I (heart) My Garden

I do.   I love my garden at this time of year.  Even though it is a dreary, wet and rainy day at my house there is still so much to see.  Forgive my indulgence but here are some of my (current) favourite things growing in my garden.

Lovely nasturtiums that are ‘acting’ as companion plants in my vege garden.  They are supposed to keep all kinds of bugs away and attract beneficial insects but all I see is a big fat black bug taking up residence right inside that lovely crimson nasturtium.  Hmmm.  What is that guy and what’s he doing in there?

IMG_2829   IMG_2833

I love my blueberry hedge.  I have 3 bushes planted along my fenceline and although they are still small (only 3 years old) I am excited that all three are fruiting well.  I have thrown bird netting over the top to see if I can harvest any for myself this year.  Birds beat me to them all last year.

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I love my hydrangeas, too.  I have three Endless Summer Hydrangeas that the boys bought me for Mothers Day a few years back that are blooming pink this year.  Our soil is typically acidic which would normally produce blue flowers so I was pleasantly surprised to see these big pink balls pop up.  Perhaps it was something in the compost I gave them ….  I love the mottled white/pink when they first start to bloom.

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Honestly, they are exposed to too much afternoon sun and don’t get near enough water to do really well so I totally bow down and give mad props to any plant for blooming despite the not-so-great location I’ve asked it to grow in.  Gotta love a team player like that!

I’m sure you don’t remember the ugly and under-perfoming Winter Daphne I pulled out earlier this spring.  You can read about my sad Winter Daphne journey here.  Happily, I replaced my sad Winter Daphne with happier Mini Penny Hydrangeas.  They’ve grown pretty well, I think, given that they’ve only been in the ground for 3 months AND have given me almost two whole blooms!  More reasons to love hydrangeas.

From this in March:

Newly planted Mini Penny Hydrangea.  Grow, baby, grow!

Newly planted Mini Penny Hydrangea. Grow, baby, grow!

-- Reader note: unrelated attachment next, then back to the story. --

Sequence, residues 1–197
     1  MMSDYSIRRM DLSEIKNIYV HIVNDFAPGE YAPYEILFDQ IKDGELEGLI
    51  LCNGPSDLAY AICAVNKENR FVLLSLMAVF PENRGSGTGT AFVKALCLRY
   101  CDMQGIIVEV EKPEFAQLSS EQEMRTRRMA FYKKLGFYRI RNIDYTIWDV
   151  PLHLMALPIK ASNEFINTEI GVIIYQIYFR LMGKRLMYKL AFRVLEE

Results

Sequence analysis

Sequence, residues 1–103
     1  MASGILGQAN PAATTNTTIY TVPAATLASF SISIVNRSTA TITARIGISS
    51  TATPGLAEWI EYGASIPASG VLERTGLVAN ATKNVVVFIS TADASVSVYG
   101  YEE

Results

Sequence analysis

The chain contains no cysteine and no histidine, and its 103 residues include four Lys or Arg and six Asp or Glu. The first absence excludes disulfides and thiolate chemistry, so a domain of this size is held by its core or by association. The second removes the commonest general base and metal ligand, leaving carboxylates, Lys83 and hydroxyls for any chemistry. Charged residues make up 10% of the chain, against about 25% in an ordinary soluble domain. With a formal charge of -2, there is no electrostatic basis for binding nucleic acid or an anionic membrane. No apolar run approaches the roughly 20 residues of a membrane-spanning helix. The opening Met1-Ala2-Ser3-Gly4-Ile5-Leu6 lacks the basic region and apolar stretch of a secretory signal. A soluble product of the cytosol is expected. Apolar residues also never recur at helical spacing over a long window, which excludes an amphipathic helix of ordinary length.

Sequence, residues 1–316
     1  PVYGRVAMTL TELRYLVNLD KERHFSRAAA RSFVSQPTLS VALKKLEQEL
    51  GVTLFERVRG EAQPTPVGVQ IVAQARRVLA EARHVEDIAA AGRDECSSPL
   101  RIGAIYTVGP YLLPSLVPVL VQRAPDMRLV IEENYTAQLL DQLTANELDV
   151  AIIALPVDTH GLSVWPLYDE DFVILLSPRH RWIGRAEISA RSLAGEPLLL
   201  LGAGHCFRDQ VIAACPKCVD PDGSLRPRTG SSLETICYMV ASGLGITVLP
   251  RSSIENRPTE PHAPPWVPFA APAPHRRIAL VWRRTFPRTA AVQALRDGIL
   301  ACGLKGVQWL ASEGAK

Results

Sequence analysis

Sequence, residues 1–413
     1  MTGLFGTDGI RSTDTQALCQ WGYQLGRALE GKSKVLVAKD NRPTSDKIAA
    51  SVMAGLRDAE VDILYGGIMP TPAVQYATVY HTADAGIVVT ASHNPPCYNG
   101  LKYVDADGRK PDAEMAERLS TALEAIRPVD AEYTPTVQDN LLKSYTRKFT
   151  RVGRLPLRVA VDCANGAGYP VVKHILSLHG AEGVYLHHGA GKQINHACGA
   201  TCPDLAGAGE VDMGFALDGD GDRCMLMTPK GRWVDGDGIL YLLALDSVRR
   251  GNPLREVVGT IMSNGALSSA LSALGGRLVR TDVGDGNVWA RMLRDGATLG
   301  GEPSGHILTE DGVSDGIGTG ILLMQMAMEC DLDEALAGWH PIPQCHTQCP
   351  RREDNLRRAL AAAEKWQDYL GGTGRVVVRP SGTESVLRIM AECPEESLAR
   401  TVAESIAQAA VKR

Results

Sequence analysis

To this in May:

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Not bad, eh?  I’m a little concerned they are going to be fried in the late summer afternoon sun but maybe they’ll be ok.  Hmmmm.

My one hydrangea sadness is my variegated hydrangea, Hydrangea macrophylla ‘Mariesii’.  It looked like this when I bought it from the nursery:

So pretty, right?  But every year in my garden it looks like this:

IMG_2835Boooo.  Stupid thing blooms on old wood and every year the buds are either lost to a brutal winter or to an early frost.  Sigh.  I’m not certain if I’m going to stick with such an underperforming plant although the variegated leaves might be worthwhile.  If It will ever grow bigger than 3′ it can stay.  Jury is definitely still out on this one.

My hummingbird garden is doing a little better this year with the Black and Blue Salvia and Bee Balm finally blooming.  They don’t look like much right now but my hope is that in a few years they whole bed will be filled with these lovely, hummingbird friendly, flowers.

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Gardenias are starting to bloom and I can smell their fragrance waft right across the garden.  Just lovely.  I do wish they would get a little more sun as I’m sure they’d bloom better.  They catch a lot of shade from my neighbour’s trees.

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And the girls have been doing their thing.  I love our chickens.

Girls

Girls

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I think May/June might be my favourite time of year in the garden.  There is so much to see without it all being overwhelming yet.  What’s growing in your garden right now?

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3 thoughts on “I (heart) My Garden

  1. I didn’t know hydrangea flowers turn blue in acidic soil. A friend gave me a clipping which I planted earlier this week. The soil is neutral pH. Does this mean pink flowers?

    Liked by 1 person

    • Yes, typically a hydrangea will change colour depending on the pH of the soil: blue for acidic soil, pink for alkaline soil. White hydrangeas will only ever be white. You can affect the colour of the blooms by adding lime for pink, or aluminium sulphate for blue. A perfectly neutral soil would produce … I dunno. I found an article here that explains it some more: http://www.hydrangeashydrangeas.com/colorchange.html
      Will be interested to see what colour yours turns out to be!

      Liked by 1 person

      • The clipping is only 10cm so it may be years before we know? I don’t know much about hydrangeas except my Nanna loved them, so I wanted to grow one in my garden for her (I nice way to share her memory with my Little One). Thankyou for the link, info and post.

        Liked by 1 person

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